Declaration of patient consent

The authors certify that they have obtained all appropriate patient consent forms. In the form, the patients have given their consent for images and other clinical information to be reported in the journal. The patients understand that their names and initials will not be published and due efforts will be made to conceal their identity, but anonymity cannot be guaranteed.

Financial support and sponsorship

Nil.

Conflicts of interest

There are no conflicts of interest.



 
  References Top

1.
Sassi R, Cerutti S, Lombardi F, Malik M, Huikuri HV, Peng CK, et al. Advances in heart rate variability signal analysis: Joint position statement by the e-Cardiology ESC Working Group and the European Heart Rhythm Association co-endorsed by the Asia Pacific Heart Rhythm Society. Europace 2015;17:1341-53.  Back to cited text no. 1
    
2.
Kleiger RE, Stein PK, Bigger JT Jr. Heart rate variability: Measurement and clinical utility. Ann Noninvasive Electrocardiol 2005;10:88-101.  Back to cited text no. 2
    
3.
Kleiger RE, Bigger JT, Bosner MS, Chung MK, Cook JR, Rolnitzky LM, et al. Stability over time of variables measuring heart rate variability in normal subjects. Am J Cardiol 1991;68:626-30.  Back to cited text no. 3
    
4.
Stein PK, Bosner MS, Kleiger RE, Conger BM. Heart rate variability: A measure of cardiac autonomic tone. Am Heart J 1994;127:1376-81.  Back to cited text no. 4
    
5.
Bigger JT Jr., Fleiss JL, Steinman RC, Rolnitzky LM, Kleiger RE, Rottman JN. Correlations among time and frequency domain measures of heart period variability two weeks after acute myocardial infarction. Am J Cardiol 1992;69:891-8.  Back to cited text no. 5
    
6.
Casolo G, Balli E, Taddei T, Amuhasi J, Gori C. Decreased spontaneous heart rate variability in congestive heart failure. Am J Cardiol 1989;64:1162-7.  Back to cited text no. 6
    
7.
Niklasson U, Olofsson BO, Bjerle P. Autonomic neuropathy in familial amyloidotic polyneuropathy. A clinical study based on heart rate variability. Acta Neurol Scand 1989;79:182-7.  Back to cited text no. 7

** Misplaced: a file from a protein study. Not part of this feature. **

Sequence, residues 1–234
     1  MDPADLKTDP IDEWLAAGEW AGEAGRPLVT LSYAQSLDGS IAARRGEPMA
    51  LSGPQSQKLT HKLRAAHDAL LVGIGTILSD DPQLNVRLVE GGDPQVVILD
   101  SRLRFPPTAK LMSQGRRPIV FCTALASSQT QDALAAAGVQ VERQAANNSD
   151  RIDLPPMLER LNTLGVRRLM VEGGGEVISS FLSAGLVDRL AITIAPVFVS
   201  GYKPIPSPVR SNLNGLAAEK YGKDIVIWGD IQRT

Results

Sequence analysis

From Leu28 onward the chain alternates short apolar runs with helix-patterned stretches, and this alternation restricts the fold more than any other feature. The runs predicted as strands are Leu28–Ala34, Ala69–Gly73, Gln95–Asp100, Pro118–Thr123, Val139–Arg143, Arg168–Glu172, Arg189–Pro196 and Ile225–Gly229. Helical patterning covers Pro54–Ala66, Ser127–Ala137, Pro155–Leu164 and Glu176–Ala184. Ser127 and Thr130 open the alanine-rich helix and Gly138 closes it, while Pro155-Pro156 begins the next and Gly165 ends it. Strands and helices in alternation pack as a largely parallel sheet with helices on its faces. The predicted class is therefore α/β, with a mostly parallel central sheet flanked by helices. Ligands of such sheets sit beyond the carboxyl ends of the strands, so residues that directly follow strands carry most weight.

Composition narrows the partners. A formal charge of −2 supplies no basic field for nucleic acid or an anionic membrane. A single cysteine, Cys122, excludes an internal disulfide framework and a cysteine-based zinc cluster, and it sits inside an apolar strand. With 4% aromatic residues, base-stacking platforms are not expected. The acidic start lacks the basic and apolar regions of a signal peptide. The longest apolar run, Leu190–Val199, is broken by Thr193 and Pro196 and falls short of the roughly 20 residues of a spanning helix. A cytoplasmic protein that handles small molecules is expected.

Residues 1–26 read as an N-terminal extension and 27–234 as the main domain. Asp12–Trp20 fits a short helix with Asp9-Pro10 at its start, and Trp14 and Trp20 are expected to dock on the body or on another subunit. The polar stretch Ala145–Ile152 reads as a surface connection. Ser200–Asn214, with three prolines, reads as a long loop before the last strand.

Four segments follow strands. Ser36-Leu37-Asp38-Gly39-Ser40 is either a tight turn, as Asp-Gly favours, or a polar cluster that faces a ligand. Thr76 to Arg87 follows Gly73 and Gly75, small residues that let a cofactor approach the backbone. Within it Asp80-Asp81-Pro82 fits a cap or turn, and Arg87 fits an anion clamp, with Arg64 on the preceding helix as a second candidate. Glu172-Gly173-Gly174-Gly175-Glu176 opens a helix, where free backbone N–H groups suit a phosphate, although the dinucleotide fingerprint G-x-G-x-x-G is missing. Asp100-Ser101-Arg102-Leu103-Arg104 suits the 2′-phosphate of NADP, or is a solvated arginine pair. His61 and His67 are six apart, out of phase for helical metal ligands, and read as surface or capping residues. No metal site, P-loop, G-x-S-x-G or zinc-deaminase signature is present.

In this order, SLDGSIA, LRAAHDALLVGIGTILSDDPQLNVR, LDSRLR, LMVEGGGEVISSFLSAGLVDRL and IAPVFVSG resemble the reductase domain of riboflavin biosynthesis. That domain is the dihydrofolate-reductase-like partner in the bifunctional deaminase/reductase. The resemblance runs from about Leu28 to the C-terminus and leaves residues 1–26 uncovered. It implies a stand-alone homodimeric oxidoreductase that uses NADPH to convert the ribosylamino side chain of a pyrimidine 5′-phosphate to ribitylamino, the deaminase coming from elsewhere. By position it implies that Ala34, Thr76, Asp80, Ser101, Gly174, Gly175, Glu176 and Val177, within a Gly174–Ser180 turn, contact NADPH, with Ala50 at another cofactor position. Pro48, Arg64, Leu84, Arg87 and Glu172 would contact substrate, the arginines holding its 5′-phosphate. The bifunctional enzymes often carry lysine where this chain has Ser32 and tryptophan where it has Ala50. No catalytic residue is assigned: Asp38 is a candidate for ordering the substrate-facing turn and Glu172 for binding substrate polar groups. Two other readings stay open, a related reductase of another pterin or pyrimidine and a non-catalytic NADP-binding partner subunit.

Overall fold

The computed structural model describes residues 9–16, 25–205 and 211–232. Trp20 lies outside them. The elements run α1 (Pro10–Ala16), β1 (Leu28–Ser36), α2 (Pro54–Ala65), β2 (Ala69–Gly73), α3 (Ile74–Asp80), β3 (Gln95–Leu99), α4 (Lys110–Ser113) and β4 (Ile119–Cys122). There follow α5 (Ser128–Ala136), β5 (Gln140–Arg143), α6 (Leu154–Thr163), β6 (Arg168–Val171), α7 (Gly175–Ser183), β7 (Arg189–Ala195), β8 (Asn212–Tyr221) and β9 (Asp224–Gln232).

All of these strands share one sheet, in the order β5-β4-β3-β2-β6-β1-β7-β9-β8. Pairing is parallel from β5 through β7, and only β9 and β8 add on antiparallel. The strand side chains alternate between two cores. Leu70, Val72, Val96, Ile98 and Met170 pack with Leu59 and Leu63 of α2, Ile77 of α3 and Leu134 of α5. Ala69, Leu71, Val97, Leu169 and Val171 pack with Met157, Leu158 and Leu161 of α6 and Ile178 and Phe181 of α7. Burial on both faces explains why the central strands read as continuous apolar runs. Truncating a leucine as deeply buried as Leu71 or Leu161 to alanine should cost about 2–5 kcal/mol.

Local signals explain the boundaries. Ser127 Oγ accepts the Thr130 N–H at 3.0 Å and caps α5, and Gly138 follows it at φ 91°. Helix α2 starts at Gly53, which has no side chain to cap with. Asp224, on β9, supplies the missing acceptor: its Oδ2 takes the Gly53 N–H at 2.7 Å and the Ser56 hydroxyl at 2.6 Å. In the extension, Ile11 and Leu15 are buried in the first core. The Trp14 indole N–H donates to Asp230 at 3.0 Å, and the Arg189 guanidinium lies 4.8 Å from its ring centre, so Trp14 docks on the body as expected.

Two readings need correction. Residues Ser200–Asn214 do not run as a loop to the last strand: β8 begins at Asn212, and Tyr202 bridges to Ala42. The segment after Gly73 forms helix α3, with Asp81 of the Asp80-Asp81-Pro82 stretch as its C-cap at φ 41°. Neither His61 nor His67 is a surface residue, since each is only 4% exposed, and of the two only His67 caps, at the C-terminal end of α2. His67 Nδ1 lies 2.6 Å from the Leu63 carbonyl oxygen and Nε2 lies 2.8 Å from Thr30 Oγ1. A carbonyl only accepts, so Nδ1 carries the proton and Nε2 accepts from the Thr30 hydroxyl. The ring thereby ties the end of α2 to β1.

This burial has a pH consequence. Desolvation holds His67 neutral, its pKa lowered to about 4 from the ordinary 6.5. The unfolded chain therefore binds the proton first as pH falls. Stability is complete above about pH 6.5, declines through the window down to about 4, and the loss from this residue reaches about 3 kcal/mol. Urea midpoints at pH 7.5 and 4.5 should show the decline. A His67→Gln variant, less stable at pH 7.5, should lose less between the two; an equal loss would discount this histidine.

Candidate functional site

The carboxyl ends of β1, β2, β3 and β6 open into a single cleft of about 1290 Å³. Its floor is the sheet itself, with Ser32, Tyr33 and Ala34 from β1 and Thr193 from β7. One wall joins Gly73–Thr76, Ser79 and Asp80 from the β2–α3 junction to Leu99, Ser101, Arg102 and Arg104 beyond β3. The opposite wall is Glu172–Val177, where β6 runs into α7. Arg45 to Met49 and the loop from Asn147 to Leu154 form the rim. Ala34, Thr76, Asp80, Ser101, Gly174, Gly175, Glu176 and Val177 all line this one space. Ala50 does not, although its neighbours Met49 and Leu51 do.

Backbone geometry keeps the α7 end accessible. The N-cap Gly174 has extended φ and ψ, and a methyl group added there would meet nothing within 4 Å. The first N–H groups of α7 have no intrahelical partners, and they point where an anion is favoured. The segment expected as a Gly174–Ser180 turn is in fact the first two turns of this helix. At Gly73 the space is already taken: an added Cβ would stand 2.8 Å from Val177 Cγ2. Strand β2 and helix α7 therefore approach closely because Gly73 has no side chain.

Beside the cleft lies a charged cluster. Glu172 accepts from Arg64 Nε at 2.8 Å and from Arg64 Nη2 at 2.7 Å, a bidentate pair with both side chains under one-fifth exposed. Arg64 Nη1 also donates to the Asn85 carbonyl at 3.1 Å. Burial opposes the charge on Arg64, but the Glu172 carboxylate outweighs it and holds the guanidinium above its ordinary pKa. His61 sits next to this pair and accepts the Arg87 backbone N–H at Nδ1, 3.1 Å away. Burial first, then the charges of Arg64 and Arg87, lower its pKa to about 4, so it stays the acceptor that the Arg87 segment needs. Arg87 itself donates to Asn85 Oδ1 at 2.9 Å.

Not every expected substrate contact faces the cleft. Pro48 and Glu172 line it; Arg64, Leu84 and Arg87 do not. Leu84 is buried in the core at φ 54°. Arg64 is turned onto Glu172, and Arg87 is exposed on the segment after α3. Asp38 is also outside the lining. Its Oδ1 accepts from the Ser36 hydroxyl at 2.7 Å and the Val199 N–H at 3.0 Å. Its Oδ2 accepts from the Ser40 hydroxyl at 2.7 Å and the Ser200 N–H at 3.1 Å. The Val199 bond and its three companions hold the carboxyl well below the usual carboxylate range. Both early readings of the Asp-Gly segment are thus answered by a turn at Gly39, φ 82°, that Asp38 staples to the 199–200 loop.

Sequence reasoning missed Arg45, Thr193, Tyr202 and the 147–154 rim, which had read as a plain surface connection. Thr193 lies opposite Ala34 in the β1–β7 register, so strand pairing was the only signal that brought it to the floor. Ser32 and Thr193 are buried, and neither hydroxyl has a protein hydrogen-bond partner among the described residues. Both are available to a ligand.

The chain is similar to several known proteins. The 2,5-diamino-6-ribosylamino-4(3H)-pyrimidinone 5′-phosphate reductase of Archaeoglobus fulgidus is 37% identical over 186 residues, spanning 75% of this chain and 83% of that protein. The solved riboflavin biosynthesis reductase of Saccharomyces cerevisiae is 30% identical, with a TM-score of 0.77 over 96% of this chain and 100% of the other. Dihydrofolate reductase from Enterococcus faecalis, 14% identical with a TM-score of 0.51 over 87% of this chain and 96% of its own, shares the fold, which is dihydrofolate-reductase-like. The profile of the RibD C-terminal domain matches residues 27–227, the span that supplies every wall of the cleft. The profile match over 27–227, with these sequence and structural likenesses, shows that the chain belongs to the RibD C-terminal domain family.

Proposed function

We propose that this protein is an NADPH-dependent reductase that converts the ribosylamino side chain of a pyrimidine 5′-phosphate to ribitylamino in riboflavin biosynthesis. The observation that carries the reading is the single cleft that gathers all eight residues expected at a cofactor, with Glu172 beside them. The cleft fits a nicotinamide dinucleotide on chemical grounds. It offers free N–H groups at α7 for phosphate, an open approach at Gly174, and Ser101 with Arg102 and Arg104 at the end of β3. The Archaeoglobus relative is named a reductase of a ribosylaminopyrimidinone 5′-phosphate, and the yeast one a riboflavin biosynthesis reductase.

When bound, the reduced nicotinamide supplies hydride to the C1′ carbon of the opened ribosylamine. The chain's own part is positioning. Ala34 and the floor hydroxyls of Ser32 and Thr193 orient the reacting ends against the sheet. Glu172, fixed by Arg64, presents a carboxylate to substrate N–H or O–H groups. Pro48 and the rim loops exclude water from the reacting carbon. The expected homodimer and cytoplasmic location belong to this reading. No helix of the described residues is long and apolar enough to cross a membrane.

8.
Guzzetti S, Josa D, Pecis M, Bonura L, Prosdocimi M, Malliani A. Effects of sympathetic activation on heart rate variability in Chagas' patients. J Auton Nerv Syst 1990;30 Suppl:S79-81.  Back to cited text no. 8
    
9.
Friedman BH, Thayer JF. Autonomic balance revisited: Panic anxiety and heart rate variability. J Psychosom Res 1998;44:133-51.  Back to cited text no. 9
    
10.
Thayer JF, Friedman BH, Borkovec TD. Autonomic characteristics of generalized anxiety disorder and worry. Biol Psychiatry 1996;39:255-66.  Back to cited text no. 10
    
11.
Huyut MA, Alisha G, Cetintulum Huyut B, Aliyeva A. Metoprolol's potential beneficial effects on covid-19 patients. Harran Univ Tip Fakultesi Derg 2022;19:22-9.  Back to cited text no. 11
    
12.
Huyut MA. Novel coronavirus pneumonia and cardiomyopathy: A case report. Arq Bras Cardiol 2020;114:843-5.  Back to cited text no. 12
    
13.
Dani M, Dirksen A, Taraborrelli P, Torocastro M, Panagopoulos D, Sutton R, et al. Autonomic dysfunction in 'long COVID': Rationale, physiology and management strategies. Clin Med (Lond) 2021;21:e63-7.  Back to cited text no. 13
    
14.
Shouman K, Vanichkachorn G, Cheshire WP, Suarez MD, Shelly S, Lamotte GJ, et al. Autonomic dysfunction following COVID-19 infection: An early experience. Clin Auton Res 2021;31:385-94.  Back to cited text no. 14
    
15.
Buchhorn R, Baumann C, Willaschek C. Heart rate variability in a patient with coronavirus disease 2019. Int Cardiovasc Forum J 2020;20:34-6.  Back to cited text no. 15
    
16.
Kaufman ES, Bosner MS, Bigger JT Jr., Stein PK, Kleiger RE, Rolnitzky LM, et al. Effects of digoxin and enalapril on heart period variability and response to head-up tilt in normal subjects. Am J Cardiol 1993;72:95-9.  Back to cited text no. 16
    
17.
Cook JR, Bigger JT, Kleiger RE, Fleiss JL, Steinman RC, Rolnitzky LM. Effect of atenolol and diltiazem on heart period variability in normal persons. J Am Coll Cardiol 1991;17:480-4. doi:10.1016/s0735-1097(10)80119-6.  Back to cited text no. 17
    
18.
Yeragani VK, Pohl R, Balon R, Ramesh C, Glitz D, Weinberg P, et al. Effect of imipramine treatment on heart rate variability measures. Neuropsychobiology 1992;26:27-32.  Back to cited text no. 18
    
19.
Zuanetti G, Latini R, Neilson JM, Schwartz PJ, Ewing DJ. Heart rate variability in patients with ventricular arrhythmias: Effect of antiarrhythmic drugs. Antiarrhythmic Drug Evaluation Group (ADEG). J Am Coll Cardiol 1991;17:604-12.  Back to cited text no. 19
    
20.